Here’s a reproduction of our Nature Sustainability Blog explaining a bit of behind the details motivations and findings of our new paper.
With conservation funds in short supply, existing protected areas rarely have an adequate budget for management. This raises a critical question for decision makers: should governments and/or environmental organisations spend new funds on purchasing more land or managing existing protected areas?
Our experience working with protected area managers is that they rarely report having adequate funding, staff, or time to support required management actions like fencing protected area boundaries, removing weeds and prescribed burns. The scientific literature supports our experiences and insights – for example 60% of protected areas in a global assessment of management effectiveness scores reported that the available budget was inadequate for basic management or that they had no management budget (the lowest possible scores under this scorecard item). This led us to ask the question: ‘when should new funds for nature conservation be spent on expansion or management?’ in our paper, “Weighing the benefits of expanding protected areas versus managing existing ones”.
With inadequate conservation resources, it’s no surprise that we see continued increases of threats to species that we are trying to protect. Some types of threats – such as deforestation, or overgrazing – can be counteracted by declaring a protected area; other threats, such as changes in fire frequency, disease outbreaks, and invasions of weeds and feral species, require active management in protected areas (Figure 1). The impacts of these different types of threats, and the actions required to mitigate them (along with the benefits and costs of action) have been well studied. But what was not clear was how this information should be put together to help managers know when to allocate effort towards expansion or management.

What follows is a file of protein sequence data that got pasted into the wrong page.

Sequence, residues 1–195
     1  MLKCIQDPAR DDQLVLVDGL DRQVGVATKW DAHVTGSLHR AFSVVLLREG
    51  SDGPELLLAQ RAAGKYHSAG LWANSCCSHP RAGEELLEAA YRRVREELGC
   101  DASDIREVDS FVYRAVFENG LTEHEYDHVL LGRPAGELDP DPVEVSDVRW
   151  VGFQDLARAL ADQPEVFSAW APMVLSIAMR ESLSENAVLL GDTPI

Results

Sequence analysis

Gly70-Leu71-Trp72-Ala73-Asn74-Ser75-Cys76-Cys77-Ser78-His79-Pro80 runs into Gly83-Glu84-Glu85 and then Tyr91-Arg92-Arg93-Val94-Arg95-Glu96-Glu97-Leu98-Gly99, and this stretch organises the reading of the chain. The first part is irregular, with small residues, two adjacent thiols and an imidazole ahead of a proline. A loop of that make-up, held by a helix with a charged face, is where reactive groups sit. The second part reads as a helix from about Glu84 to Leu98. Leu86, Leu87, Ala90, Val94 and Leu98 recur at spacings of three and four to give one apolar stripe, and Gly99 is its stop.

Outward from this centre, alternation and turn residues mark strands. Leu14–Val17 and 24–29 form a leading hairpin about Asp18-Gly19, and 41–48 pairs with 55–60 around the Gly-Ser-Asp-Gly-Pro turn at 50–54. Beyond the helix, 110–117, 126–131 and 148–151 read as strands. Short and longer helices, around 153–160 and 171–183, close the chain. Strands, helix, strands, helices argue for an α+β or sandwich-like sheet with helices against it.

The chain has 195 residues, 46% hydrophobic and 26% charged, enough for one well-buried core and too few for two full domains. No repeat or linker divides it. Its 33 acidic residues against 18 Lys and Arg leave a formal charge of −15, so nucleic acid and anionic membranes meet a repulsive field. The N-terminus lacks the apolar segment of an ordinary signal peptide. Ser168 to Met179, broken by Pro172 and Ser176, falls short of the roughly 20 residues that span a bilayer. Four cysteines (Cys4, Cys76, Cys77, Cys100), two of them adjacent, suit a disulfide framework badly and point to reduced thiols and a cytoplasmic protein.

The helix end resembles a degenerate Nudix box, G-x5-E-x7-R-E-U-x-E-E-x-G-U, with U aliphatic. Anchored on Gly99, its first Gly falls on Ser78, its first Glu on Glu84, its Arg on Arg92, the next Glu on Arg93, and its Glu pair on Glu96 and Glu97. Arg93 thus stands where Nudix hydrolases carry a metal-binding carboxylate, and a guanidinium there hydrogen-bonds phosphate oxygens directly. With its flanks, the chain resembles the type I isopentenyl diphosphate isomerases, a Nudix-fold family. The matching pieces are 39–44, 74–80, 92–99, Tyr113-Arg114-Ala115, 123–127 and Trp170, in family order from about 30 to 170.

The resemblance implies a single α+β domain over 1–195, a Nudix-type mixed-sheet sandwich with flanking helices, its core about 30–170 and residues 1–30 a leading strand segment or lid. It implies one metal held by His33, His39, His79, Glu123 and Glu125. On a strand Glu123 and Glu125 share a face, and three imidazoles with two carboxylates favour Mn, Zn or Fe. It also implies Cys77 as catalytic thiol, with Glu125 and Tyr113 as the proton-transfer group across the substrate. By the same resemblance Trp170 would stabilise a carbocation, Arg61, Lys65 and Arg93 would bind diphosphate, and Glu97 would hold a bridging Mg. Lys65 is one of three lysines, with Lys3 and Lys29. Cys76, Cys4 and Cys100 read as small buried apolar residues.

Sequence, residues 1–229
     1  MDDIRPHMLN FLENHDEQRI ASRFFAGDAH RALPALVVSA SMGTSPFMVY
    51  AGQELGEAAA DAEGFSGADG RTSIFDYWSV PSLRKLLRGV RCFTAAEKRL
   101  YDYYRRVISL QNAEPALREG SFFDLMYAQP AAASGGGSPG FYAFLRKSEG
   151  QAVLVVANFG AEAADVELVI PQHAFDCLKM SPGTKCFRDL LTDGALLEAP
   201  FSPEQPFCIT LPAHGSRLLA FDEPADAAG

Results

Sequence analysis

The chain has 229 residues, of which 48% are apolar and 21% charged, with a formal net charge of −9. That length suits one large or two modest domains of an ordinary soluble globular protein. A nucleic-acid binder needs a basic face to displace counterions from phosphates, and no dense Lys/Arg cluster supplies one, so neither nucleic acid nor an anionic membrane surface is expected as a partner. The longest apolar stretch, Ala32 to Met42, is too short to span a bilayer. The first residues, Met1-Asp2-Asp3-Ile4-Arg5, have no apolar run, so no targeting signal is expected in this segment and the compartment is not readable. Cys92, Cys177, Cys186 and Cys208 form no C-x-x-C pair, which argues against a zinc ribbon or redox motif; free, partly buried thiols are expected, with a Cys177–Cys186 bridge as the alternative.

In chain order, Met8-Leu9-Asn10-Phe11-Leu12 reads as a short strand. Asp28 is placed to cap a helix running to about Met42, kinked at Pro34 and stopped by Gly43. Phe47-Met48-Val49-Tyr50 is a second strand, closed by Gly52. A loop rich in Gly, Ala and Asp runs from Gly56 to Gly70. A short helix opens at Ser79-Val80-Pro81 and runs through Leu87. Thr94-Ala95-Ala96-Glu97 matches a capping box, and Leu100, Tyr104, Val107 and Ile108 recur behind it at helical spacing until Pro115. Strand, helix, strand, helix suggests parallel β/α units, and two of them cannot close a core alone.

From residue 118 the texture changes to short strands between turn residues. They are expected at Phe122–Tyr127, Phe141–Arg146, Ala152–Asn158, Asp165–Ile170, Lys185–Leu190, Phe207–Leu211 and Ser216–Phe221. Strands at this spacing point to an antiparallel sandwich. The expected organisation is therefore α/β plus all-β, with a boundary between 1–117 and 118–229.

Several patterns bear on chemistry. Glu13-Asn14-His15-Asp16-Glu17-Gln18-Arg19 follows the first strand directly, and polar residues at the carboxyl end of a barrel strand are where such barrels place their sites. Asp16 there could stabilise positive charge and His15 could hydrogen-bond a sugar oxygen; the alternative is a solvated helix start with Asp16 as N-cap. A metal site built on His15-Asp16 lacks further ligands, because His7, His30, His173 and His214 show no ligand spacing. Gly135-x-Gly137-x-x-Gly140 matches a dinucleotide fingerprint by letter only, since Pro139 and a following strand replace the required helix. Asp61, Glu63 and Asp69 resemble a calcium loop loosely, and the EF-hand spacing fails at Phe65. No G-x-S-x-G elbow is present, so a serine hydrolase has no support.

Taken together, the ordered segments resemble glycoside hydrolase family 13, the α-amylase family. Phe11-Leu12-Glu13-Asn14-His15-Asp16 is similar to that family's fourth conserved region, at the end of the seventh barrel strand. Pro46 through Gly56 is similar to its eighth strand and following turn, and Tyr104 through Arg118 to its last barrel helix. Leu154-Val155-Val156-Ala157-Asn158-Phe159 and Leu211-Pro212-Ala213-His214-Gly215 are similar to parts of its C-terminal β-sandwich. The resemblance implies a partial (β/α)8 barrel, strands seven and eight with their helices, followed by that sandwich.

Figure 1. A) Image of grazed (right) versus ungrazed (left) habitat (Photo Credit: Megan Barnes). Protection (enforced by fencing where needed) can effectively stop threats like clearing and grazing. B) Feral Cat with Galah (Photo Credit: Mark Marathon). Active management is required to stop threats such as predation by feral animals and has been shown to effectively halt predation and prevent extinctions. C) Fire maintained landscape with a fire supressed region (left) and a region with decades of prescribed fire (right)within a single protected area (Photo Credit: Gwen Iacona). Active management is required to address threats such as inappropriate fire regimes.
We used a mathematical model to study how decisions about expansion of protected areas compared to improved protected area management. This approach allowed us to represent the important parts of the system of interest and parameterize it in a way that provides unambiguous insight into the relevant benefits of when to manage or protect. We discovered that the relative priority of expansion and management is determined by quantifiable factors – the relative costs of the two actions and the rates of degradation in protected and unprotected areas. In most contexts our model suggests that management should be a priority first action. However, some regions of the world such as East and West Africa and Melanesia were recommended for expansion of protected areas. These areas are characterized by low levels of existing protection and high threats of habitat loss so the benefit of protected area expansion is high.
An interesting outcome of our modelled results was that, contrary to spending patterns which focus on expansion rather than management, management is the better first investment in many contexts. And management is always a necessary complement to new acquisition. This highlights that, while our existing protected areas are an important asset, increased investment in management is essential to maximise their potential to protect biodiversity. As we head into 2020 CBD negotiations, it’s time to get serious about effective management targets. Aichi Target 11 states that: By 2020, at least 17 per cent of terrestrial and inland water areas and 10 per cent of coastal and marine areas are conserved through effectively and equitably managed protected areas and other effective area-based conservation measures. But, what does an ‘effectively managed protected area’ look like? If we can answer this, we can define SMART (specific, measurable, ambitious, realistic, and time-bound) targets to meet Aichi Target 11’s ‘effectively managed’ component. We need a quantifiable target for effective management from the next Convention on Biological Diversity (2020 in Kunming) that will lead to more investment in management, just as the 17% protection target spurred expansion of the protected area system.